Champagne’s geographical location engenders capricious weather. For this reason, since their foundation in 1849 Pol Roger have observed the tradition of not releasing a vintage-dated champagne unless the climatic conditions permit the production of grapes of outstanding ripeness. A vintage champagne must, above all else, be a balanced champagne. This balance depends on the right blend of healthy grapes, a good potential alcohol and correct acidity. The first criterion for declaring a vintage wine is its capacity to age. Devotees who have the patience to age their champagnes are rewarded with a more complex and richer wine.
The Story of the Vintage
After a cold winter, spring 2009 started with fairly mild temperatures, allowing the vines to avoid frost damage. Intermittent storm spells boosted vegetation. June and July were also affected by variable weather, but August was sunny, dry and hot, with cool nights, leading to a favourable and quick evolution in maturity. The harvest started on September 8th in excellent sunny conditions and lasted till September 21st. The grapes were perfectly healthy. The 2009 crop is characterised by an average potential alcohol level of over 10% and a total acidity of 7.5 g/l H2SO4.
Vinification and Maturation
The must undergoes two débourbages (settlings), one at the press house immediately after pressing and the second, a débourbage à froid, in stainless steel tanks at 6°C over a 24 hour period. A slow cool fermentation with the temperature kept under 18°C takes place in stainless steel, with each variety and each village kept separate until final blending. The wine undergoes a full malolactic fermentation. Secondary fermentation takes place in bottle at 9°C in the deepest Pol Roger cellars (33 metres below street level) where the wine is kept until it undergoes remuage (riddling) by hand, a rarity in Champagne nowadays. The very fine and persistent mousse for which Pol Roger is renowned owes much to these deep, cool and damp cellars.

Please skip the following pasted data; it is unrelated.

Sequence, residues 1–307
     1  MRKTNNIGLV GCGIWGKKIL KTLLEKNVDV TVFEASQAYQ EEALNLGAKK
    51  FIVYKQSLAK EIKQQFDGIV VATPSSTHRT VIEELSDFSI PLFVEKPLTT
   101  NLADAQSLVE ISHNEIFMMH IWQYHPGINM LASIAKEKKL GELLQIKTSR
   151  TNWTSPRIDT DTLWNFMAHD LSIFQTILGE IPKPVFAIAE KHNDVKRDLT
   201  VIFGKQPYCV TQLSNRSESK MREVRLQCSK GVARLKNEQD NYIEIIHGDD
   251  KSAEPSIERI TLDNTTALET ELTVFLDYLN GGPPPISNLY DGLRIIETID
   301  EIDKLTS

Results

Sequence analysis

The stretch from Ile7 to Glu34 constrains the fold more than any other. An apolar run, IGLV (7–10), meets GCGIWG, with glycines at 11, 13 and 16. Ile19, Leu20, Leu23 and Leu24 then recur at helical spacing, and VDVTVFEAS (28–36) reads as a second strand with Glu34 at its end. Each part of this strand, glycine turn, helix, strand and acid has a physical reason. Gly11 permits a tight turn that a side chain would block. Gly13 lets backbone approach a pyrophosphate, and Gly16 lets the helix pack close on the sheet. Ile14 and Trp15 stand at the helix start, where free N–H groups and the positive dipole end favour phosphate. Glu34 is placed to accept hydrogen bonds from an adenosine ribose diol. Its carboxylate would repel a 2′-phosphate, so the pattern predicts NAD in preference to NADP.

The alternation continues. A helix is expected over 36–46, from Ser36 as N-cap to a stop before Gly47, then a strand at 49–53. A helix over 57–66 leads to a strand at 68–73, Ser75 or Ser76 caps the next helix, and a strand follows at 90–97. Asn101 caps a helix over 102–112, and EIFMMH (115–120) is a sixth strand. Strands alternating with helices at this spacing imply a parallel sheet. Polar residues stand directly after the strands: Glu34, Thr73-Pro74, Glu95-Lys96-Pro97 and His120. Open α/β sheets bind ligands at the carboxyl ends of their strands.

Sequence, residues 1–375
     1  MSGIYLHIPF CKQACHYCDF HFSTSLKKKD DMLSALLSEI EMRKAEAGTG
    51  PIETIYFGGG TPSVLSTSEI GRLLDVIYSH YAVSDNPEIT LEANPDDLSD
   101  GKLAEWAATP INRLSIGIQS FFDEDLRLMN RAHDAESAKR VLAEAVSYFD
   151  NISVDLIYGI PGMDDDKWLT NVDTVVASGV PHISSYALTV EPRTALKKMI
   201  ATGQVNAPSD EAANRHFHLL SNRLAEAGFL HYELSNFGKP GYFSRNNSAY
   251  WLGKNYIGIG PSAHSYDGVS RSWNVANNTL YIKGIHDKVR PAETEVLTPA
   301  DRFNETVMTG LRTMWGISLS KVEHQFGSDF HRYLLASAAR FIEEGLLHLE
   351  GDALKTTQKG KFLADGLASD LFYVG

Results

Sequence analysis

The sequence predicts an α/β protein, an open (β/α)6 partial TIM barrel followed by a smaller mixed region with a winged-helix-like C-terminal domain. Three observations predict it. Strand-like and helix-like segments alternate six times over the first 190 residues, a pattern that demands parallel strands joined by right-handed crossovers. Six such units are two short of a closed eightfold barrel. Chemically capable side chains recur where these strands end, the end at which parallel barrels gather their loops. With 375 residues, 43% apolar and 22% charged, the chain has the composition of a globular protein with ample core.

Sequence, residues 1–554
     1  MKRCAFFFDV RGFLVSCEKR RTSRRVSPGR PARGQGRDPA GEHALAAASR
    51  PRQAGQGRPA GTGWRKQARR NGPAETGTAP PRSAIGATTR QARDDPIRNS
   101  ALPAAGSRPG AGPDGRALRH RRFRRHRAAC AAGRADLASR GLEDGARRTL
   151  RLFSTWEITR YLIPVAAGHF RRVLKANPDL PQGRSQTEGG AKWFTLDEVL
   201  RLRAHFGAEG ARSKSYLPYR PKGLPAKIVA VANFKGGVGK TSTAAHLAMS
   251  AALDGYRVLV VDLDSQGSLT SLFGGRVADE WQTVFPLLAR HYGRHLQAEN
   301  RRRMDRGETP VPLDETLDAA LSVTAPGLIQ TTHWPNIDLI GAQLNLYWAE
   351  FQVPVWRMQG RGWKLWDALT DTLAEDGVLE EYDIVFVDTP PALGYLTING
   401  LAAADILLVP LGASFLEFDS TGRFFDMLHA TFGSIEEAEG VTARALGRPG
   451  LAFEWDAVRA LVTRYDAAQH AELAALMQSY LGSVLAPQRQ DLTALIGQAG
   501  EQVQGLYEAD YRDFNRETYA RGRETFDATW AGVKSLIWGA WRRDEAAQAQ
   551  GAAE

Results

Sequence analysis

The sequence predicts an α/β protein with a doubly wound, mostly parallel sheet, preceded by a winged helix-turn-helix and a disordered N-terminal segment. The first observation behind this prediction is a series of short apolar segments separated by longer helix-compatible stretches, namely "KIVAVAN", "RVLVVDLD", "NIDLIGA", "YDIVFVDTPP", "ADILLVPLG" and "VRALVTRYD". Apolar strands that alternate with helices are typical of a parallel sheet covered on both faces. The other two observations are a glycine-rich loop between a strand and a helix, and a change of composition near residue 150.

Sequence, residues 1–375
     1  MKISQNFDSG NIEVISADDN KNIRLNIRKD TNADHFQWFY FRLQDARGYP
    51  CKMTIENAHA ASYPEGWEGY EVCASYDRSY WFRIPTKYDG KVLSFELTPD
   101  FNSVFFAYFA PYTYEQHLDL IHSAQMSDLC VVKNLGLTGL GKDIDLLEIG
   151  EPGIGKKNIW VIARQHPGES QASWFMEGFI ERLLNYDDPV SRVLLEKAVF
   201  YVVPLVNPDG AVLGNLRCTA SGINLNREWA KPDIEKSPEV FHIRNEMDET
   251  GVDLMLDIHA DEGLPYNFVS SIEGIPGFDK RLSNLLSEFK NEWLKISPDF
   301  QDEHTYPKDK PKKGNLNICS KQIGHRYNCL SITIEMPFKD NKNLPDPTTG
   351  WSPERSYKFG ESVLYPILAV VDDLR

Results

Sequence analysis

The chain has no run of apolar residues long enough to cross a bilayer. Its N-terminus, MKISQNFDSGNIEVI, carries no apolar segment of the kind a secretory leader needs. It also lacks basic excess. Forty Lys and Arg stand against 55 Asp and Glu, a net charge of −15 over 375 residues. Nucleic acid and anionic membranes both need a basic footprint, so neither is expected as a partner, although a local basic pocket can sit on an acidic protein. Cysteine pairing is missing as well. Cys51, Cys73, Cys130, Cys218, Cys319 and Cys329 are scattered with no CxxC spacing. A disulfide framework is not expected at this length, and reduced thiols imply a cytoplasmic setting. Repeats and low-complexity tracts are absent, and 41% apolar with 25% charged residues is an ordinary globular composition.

The 2009 Brut Vintage from Champagne Pol Roger is made from the traditional house vintage blend of 60% Pinot Noir and 40% Chardonnay from 20 Grands and Premiers crus vineyards in the “Montagne de Reims” and the “Côte des Blancs”. Produced only in limited quantities the Brut Vintage 2009 has been aged for 8 years in our cellars before being disgorged and released onto the market.
Delicate pale lemon. The nose is opulent in its youth displaying ripe stone fruits on the nose, candied lemon peel and grapefruit.
Creamy autolytic mouth feel with a refreshing backbone of acidity. The wine has a persistence of length and character.
The wine is more accessible in its youth compared to Brut Vintage 2008, but will last for the next decade and onwards.